• Therapy: The Center on Halsted is launching virtual therapy groups to support LGBTQ people during the coronavirus pandemic.

• Unemployment: 1099 and gig workers can now file claims for unemployment.

• Keep Isolating: It’s not safe to start expanding your “quarantine circle,” doctors said.

• Help for Artists: The statewide Artist Relief Fund is again taking applications.

 Masks: Everyone is now required to wear a face covering or mask when unable to social distance. And yes, stores can require you to wear a face covering if you want to shop.

Here’s what you need to know about the requirement.

• Testing: Officials are now saying anyone with coronavirus symptoms can get tested in Illinois. Before, they’d advised most people to simply stay at home and assume they had coronavirus.

Here’s where you can get tested in Chicago.


Coronavirus can be deadly, but the vast majority of cases have been mild. Those most at risk from the virus are people who are elderly or who have underlying health conditions.

Symptoms of coronavirus can appear two to 14 days after a person has been exposed to the virus, according to the Centers for Disease Control. People with no symptoms may have the virus and spread it to others.

The virus spreads between people through coughing and sneezing, according to the Illinois Department of Public Health.

The most common symptoms:

  • Fever
  • Cough
  • Shortness of breath or difficulty breathing
  • Chills and shaking with chills
  • Muscle pain
  • Headache
  • Sore throat
  • Loss of taste and/or smell

People have also experienced body aches, nasal congestion and runny nose, according to Harvard Medical School.

If you or someone else has difficulty breathing, persistent pain or pressure in the chest, become confused, cannot be roused or develop a bluish face or lips, get immediate medical attention, according to the CDC.

How To Protect Yourself

Here’s what you can actually do to prevent getting ill:

  • The CDC and other officials have said people should wash their hands often, including before, during and after eating; after using the bathroom; and after blowing your nose, coughing or sneezing.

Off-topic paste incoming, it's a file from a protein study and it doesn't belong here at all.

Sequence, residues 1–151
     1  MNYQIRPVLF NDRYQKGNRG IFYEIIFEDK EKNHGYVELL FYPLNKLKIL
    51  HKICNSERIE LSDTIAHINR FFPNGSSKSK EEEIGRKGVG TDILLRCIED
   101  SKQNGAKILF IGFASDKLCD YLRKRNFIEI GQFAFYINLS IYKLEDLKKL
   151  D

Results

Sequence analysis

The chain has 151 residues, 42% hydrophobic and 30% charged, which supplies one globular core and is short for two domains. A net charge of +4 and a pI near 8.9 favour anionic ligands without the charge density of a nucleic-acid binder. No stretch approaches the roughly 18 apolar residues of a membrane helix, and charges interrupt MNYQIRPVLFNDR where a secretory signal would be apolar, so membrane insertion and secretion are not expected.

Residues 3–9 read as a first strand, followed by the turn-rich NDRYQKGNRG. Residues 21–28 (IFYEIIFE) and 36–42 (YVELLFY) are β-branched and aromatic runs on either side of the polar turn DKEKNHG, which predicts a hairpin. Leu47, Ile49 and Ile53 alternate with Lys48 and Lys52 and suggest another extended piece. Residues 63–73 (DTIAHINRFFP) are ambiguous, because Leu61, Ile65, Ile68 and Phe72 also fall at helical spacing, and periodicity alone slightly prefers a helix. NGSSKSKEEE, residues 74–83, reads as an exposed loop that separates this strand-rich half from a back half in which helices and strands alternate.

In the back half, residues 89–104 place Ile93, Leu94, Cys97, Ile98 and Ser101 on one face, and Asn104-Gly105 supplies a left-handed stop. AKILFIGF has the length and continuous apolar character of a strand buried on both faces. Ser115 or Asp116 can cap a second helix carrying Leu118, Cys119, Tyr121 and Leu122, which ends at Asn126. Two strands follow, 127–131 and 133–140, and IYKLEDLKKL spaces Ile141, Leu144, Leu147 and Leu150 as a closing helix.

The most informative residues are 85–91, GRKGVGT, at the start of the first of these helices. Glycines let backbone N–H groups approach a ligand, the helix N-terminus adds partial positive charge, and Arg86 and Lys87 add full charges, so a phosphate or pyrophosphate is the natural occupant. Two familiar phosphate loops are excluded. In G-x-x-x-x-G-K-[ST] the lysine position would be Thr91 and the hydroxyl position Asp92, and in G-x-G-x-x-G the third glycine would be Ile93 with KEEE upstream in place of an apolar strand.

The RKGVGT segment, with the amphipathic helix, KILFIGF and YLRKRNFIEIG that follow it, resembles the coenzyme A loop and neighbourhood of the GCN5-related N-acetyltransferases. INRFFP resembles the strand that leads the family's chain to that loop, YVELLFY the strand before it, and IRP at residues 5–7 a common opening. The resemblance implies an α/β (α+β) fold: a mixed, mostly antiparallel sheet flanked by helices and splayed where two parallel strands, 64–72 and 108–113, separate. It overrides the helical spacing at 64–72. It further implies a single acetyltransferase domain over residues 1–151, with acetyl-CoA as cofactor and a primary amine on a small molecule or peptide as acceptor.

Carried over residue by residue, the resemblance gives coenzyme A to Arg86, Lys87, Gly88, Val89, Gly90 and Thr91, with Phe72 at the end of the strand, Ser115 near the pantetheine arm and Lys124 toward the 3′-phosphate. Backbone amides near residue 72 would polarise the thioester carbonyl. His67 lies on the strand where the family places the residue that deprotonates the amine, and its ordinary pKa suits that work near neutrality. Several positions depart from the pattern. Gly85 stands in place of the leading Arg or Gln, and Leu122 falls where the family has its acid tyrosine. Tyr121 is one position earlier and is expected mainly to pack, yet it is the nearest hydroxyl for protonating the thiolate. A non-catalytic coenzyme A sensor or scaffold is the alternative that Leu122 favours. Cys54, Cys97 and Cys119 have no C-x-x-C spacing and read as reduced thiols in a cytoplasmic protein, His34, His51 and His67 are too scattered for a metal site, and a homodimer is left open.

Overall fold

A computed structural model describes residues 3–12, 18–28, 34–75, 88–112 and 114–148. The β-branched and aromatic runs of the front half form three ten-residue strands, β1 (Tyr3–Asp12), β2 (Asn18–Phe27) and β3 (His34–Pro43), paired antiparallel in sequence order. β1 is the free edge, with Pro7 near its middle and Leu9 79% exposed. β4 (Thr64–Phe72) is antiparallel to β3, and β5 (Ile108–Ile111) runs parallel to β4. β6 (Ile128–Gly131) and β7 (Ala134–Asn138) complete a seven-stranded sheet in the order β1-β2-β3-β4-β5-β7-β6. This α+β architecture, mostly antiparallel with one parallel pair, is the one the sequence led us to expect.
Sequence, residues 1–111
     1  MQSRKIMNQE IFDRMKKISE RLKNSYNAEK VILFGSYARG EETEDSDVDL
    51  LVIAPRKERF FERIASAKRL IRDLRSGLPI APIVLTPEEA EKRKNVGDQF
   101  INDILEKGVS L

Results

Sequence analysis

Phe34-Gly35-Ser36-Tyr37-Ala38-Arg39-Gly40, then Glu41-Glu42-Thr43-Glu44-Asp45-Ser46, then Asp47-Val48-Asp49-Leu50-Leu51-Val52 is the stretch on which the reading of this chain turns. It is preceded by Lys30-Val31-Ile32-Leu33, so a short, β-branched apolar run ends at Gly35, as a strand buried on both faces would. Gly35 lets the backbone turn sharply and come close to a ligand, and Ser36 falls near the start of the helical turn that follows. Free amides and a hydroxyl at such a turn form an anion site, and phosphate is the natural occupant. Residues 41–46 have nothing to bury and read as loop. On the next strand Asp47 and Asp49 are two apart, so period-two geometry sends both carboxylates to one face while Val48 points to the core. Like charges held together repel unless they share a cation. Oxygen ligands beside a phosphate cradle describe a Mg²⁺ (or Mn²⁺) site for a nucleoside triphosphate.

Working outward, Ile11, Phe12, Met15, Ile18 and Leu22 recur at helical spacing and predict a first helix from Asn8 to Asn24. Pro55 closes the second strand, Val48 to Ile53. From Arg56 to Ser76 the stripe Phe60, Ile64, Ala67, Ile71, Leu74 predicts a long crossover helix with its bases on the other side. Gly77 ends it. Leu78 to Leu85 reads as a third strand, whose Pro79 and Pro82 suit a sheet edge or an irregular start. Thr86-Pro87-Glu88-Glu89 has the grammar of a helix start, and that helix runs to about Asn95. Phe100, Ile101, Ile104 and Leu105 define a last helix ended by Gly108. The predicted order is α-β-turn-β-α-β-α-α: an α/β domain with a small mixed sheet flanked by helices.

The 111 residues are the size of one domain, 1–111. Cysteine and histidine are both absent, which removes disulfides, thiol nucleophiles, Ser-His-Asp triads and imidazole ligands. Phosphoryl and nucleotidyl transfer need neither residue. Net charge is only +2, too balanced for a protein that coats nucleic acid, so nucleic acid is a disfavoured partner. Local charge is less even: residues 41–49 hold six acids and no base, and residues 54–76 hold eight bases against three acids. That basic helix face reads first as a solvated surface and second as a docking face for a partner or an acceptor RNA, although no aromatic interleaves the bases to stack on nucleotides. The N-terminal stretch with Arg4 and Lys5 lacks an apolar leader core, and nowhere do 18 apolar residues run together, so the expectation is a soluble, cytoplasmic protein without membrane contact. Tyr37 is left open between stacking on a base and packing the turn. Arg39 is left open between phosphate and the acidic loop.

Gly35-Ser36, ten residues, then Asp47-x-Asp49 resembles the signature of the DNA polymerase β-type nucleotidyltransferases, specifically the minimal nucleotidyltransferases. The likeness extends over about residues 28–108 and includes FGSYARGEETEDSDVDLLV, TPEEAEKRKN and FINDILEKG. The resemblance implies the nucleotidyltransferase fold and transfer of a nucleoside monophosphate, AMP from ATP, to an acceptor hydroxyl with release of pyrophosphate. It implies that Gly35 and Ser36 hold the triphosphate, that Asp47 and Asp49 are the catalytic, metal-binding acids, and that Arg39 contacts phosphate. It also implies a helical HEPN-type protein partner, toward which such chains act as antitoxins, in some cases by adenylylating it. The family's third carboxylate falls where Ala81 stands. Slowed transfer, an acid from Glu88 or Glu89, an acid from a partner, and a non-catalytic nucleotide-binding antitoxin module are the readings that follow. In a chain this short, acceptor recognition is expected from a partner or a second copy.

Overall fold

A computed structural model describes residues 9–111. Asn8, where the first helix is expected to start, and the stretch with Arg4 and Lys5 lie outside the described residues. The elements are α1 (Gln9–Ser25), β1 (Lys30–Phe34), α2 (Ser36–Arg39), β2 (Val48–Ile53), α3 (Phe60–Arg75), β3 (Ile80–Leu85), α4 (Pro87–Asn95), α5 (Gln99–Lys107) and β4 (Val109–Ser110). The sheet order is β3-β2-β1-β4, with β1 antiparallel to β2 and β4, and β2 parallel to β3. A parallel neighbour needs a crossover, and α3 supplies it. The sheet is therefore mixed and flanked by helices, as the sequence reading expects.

The CDC has a guide here for how to properly wash your hands. Remember: Wash with soap and water, scrubbing your hands for at least 20 seconds.
  • If you can’t wash your hands with soap and water, you can use an alcohol-based hand sanitizer, according to the Illinois Department of Public Health.
  • Avoid touching your face, especially your eyes, nose and mouth, with unwashed hands.
  • Clean and disinfect objects and surfaces you touch frequently, like cellphones and light switches. Here are tips from the CDC.
  • Stay home when you’re sick and avoid close contact with people who are sick.
  • If you have to sneeze or cough with a tissue, throw it out immediately after using it, according to the CDC.

What To Do If You Think You’re Sick

Even if you’re not showing symptoms, the Chicago Department of Public Health recommends people coming from high-risk countries (here’s a CDC list) self-quarantine for 14 days after returning home.

If you do have symptoms of coronavirus, contact your primary doctor or a health care facility before going in. Explain your symptoms and tell them if you’ve come into close contact with anyone with coronavirus or traveled to an area where COVID-19 is widespread (here’s a CDC list) within the last 14 days, according to the Illinois Department of Public Health.

From there, the experts will work with your local health department to determine what to do and if you need to be tested for coronavirus, according to the Illinois Department of Public Health.

And, of course, if you think you’re sick with coronavirus, don’t risk exposing other people to the virus. Anyone who feels unwell has been ordered to stay home or risk getting a $500 fine.

Those with questions and concerns about coronavirus can call the Illinois Department of Public Health at 800-889-3931.

Block Club Chicago’s coronavirus coverage is free for all readers. Block Club is an independent, 501(c)(3), journalist-run newsroom.